Blockchain is a technology that has taken the world by storm thanks in part to the revolutionary work that it has done in information management and exchange. So far, the financial sector has been the most impacted, but its success in this sector has left other industries rattling with all kinds of questions.
The most prevalent one at the moment is whether it would be feasible to use blockchain in healthcare. The healthcare sector is currently plagued with all kinds of problems, with many consumers looking online to find a better healthcare experience. With many startups now offering services like doctor consultations and even online pharmacies, the old world of healthcare looks to be slowly changing. There is still a lot of confusion around the best ways for technology to improve health outcomes, but if the current confusion were to be unraveled, implementation of this technology could bring about the following benefits:
1. Singular and Longitudinal Patient Records
Longitudinal client accounts – capturing treatments, compiling episodes, lab results, and even disease registries can easily be achieved through the use of blockchain technology. The data compiled and captured by the tech would also include wearable data, ambulatory, and inpatient information.
The availability of all this information would make it easier for care providers to devise better ways to deliver care to their patients.
Blockchain has one promise, which is interoperability. This can be fulfilled and realized through the utilization of application programming interfaces, which then helps to make data storage and electronic health records’ interoperability a more reliable process.
Implementing blockchain in healthcare means that the network would easily be able to share information with providers who have already received authorization. Information sharing would occur in an ecosystem that was standard and secure.
This would, in return, help eliminate the burden and expense commonly associated with the reconciliation of data.
3. Master Patient Indices
It is not uncommon for duplication or mismatching to occur when one is dealing with health records. Additionally, you will find that different electronic health records tend to have different methods of manipulating and capturing patient information, including simple and basic data sets.
The good thing about adopting and implementing blockchain in this industry is that all data would be captured and hashed to one ledger. This means that the days of having to deal with single primary keys would be left behind in history where they belong.
All a user would need to do is locate the address. With blockchain, there is a possibility of having multiple keys and multiple addresses. But regardless of being many, the addresses and the keys will all yield to one patient identifier.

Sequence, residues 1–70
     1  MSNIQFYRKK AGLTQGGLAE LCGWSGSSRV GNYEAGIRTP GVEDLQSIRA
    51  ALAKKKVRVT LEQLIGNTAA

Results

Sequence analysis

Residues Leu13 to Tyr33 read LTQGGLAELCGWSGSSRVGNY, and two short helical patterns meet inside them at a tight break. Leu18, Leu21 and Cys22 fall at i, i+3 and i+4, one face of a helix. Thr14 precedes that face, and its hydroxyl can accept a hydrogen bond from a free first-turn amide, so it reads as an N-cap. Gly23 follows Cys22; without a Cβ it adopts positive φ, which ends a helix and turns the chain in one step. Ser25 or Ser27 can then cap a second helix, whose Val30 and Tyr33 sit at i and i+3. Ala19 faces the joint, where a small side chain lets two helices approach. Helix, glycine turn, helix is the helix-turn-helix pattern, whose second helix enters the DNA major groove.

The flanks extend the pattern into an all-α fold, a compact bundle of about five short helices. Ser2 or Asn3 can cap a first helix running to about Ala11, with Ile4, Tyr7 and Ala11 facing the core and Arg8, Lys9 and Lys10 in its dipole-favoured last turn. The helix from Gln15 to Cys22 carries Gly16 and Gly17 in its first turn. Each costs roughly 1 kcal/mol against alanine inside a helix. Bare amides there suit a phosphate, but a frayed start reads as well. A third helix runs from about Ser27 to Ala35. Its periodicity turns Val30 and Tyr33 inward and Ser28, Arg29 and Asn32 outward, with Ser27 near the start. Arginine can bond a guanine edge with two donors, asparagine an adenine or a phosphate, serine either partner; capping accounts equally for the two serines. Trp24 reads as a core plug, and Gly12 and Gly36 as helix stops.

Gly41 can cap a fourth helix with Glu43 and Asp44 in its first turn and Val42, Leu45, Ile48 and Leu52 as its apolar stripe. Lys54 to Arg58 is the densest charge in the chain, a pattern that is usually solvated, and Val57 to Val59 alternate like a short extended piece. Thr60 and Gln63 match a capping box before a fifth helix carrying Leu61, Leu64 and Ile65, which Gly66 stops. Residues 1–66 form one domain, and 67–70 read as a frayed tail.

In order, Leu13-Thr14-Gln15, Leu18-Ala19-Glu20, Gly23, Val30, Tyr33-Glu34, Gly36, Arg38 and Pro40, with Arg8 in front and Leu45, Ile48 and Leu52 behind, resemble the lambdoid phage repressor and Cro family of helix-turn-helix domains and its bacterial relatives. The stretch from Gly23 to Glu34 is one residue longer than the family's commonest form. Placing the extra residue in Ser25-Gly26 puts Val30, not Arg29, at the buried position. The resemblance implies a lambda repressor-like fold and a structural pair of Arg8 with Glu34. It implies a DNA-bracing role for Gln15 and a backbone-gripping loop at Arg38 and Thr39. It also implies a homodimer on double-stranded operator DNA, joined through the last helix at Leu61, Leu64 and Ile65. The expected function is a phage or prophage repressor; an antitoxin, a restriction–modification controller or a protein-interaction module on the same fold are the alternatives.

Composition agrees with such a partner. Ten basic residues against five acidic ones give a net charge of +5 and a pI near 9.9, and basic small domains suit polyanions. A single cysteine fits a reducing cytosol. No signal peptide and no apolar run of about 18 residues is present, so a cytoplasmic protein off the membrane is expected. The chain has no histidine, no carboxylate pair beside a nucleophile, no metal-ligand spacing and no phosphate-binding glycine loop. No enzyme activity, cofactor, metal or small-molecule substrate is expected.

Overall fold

4. Supply Chain Management
Smart contracts are another feature associated with blockchain. Blockchain enthusiasts favor the contracts due to their simplicity. In healthcare, they would make it possible for health organizations to carefully monitor and evaluate the demand and supply cycles.
Supervisors would be able to follow the entire cycle, including how a transaction is proceeding. They would also be able to know the status of a transaction, including whether it had gone through and whether there are delays that may have cropped up in the supply chain.
5. Claims Adjudication
Given the fact that blockchain typically works using validation-based exchanges, it would become easier and faster to verify claims automatically. This is because the network would need to agree on how each contract would be executed. The fact that blockchain does not have a central or commanding authority means that healthcare facilities would now experience fewer errors and fraud cases.
Apart from the five benefits mentioned above, blockchain technology can also assist in transforming clinical trials, revenue cycle management, drug supply management, and help to curb fraud and corruption in healthcare centers.
As the world looks forward to implementing blockchain in healthcare, the potential benefits that the industry stands to enjoy are dependent on the willingness of the healthcare companies to come up with the requisite infrastructure. While blockchain is by itself costly, there are emerging concerns about cultural adoption as well as whether it will fit in well with the current technology.
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Founder Dinis Guarda
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